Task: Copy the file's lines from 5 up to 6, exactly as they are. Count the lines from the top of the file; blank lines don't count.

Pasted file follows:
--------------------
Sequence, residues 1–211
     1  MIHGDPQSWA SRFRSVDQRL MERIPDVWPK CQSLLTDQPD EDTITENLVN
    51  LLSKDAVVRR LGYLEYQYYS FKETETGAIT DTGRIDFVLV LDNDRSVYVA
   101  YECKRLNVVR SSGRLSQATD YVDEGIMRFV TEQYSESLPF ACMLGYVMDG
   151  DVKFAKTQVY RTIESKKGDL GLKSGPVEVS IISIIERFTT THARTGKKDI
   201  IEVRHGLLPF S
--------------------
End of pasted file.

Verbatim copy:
   151  DVKFAKTQVY RTIESKKGDL GLKSGPVEVS IISIIERFTT THARTGKKDI
   201  IEVRHGLLPF S